Eventually Stephen was accused of blasphemy and brought before the council. (Acts 6:11-14) When given an opportunity to defend himself against the charges, he chose instead to preach a scathing sermon against his accusers, indicting them for their unbelief! (Acts 7:1-53) By the end of his sermon, his accusers were furious! 

We pick up the narrative at this point [Read Acts 7:54-60]: 

When they heard these things, they became enraged and ground their teeth at Stephen. But filled with the Holy Spirit, he gazed into heaven and saw the glory of God and Jesus standing at the right hand of God. “Look,” he said, “I see the heavens opened and the Son of Man standing at the right hand of God!” But they covered their ears, and with a loud shout all rushed together against him. Then they dragged him out of the city and began to stone him; and the witnesses laid their coats at the feet of a young man named Saul. While they were stoning Stephen, he prayed, “Lord Jesus, receive my spirit.” Then he knelt down and cried out in a loud voice, “Lord, do not hold this sin against them.” When he had said this, he died. 

Stephen saw the glory of God, and his vision of Jesus standing in the posture of judges rendering a verdict, only made things worse. His words are similar to Jesus’ words spoken before the council and Stephen’s vision supported Jesus’ claim and angered the Jewish leaders who had condemned Jesus to death for blasphemy. They wouldn’t tolerate Stephen’s words either, so his accusers responded by dragging him out of the city and killing him. This is how justice was carried out in the first century.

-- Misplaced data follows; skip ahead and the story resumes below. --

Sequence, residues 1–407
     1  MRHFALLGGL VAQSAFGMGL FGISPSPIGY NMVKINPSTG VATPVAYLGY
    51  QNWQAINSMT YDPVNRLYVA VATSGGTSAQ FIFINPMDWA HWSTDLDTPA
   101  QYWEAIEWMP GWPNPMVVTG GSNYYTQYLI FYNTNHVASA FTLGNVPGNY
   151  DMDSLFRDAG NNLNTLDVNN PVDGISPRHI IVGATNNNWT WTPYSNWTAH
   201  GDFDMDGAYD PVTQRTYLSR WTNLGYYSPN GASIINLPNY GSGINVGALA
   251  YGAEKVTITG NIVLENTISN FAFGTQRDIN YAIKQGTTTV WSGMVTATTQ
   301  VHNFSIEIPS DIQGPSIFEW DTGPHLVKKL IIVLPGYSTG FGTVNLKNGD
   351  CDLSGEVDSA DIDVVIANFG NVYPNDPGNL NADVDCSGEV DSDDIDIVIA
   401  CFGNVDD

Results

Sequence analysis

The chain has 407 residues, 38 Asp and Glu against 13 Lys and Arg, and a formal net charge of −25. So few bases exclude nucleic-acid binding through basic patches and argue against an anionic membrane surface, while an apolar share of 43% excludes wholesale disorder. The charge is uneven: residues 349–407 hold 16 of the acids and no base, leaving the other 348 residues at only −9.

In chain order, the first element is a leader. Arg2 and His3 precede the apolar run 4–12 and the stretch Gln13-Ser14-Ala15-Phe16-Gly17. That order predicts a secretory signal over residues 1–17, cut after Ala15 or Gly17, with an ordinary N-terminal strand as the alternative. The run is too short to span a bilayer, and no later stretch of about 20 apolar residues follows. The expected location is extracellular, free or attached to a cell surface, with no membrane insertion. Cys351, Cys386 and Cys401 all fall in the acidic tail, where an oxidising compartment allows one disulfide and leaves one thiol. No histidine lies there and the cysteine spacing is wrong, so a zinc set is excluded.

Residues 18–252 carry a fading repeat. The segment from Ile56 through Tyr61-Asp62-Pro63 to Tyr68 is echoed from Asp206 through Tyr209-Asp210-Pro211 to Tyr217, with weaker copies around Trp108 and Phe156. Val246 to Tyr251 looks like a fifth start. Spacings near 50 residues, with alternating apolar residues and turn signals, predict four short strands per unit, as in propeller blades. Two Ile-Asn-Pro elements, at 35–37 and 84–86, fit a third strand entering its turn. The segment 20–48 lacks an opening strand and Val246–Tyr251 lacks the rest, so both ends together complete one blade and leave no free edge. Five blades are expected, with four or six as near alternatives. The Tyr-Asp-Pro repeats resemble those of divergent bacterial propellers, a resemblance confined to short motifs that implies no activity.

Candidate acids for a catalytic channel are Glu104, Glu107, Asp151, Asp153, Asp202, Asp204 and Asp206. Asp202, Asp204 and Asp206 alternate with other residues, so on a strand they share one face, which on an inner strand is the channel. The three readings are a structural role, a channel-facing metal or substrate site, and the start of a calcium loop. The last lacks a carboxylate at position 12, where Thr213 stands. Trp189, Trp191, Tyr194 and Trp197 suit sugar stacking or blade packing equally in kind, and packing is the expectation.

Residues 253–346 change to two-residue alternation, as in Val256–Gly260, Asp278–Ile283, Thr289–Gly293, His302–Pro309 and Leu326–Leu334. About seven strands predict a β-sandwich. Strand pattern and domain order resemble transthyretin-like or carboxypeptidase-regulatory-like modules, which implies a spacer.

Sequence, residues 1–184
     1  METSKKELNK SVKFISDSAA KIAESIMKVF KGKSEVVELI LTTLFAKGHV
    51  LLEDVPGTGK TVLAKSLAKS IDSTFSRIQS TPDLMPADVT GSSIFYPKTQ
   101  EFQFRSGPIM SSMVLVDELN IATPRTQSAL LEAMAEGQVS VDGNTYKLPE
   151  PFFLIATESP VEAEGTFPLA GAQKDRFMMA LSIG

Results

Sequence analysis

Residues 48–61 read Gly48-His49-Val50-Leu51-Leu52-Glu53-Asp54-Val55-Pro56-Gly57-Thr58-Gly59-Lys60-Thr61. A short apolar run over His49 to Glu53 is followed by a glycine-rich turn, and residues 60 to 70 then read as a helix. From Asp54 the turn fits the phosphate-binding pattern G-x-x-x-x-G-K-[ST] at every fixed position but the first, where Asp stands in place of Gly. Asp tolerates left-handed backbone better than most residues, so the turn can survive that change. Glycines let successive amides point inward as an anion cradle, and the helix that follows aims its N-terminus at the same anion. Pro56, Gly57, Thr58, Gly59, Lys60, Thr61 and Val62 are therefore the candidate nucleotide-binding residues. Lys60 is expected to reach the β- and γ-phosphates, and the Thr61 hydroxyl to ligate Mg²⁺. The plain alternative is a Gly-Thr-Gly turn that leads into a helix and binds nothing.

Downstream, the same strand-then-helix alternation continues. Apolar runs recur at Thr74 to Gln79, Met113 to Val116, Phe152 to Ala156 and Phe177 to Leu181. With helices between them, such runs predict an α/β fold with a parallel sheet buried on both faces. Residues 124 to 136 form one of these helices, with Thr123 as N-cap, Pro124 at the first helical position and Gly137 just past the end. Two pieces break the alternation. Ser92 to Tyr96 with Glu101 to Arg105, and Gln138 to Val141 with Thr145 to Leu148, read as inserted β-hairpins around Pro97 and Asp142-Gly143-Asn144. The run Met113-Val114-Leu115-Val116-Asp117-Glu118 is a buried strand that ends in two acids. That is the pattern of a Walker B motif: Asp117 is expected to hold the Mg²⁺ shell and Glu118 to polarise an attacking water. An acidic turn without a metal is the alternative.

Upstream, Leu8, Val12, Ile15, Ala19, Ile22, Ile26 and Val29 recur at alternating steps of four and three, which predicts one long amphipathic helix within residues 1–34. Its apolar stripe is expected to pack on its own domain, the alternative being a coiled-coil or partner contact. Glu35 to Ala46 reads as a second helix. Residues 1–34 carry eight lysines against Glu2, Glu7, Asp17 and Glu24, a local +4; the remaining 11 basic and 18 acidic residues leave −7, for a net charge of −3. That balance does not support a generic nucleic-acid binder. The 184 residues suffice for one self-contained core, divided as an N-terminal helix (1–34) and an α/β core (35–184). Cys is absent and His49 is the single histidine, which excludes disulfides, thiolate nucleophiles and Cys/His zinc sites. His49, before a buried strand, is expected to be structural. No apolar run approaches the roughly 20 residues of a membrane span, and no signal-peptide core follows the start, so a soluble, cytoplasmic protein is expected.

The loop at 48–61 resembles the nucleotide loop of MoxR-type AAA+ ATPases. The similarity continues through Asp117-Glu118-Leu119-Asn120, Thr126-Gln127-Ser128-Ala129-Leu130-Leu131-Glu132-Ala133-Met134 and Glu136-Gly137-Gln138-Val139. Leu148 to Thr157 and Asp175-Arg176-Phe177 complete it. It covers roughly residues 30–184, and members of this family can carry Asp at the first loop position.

We can learn a lot from Stephen. Although today people may not kill us for witnessing about Christ, they will let us know that they don’t want to hear the truth and will often try to silence us. Our call to be witnesses for Christ includes honoring Christ with our words and our actions at all times – even if people turn against us for doing the right thing. It is through our integrity and our willingness to live each day as if it is our last, and also to live each new day as if it is our first that ultimately leads others to Christ as they discover the truth themselves! Stephen’s death had a profound impact on Paul, who later became the world’s greatest missionary. 

Stephen’s life is a continual challenge to all Christians. His faith enabled him to see the glory of God and to stand up for it. He wasn’t afraid of death because he trusted that Christ’s words showed the way to eternal life. He was secure in his relationship with Jesus Christ, and because God is forever, he knew that his relationship with God was forever.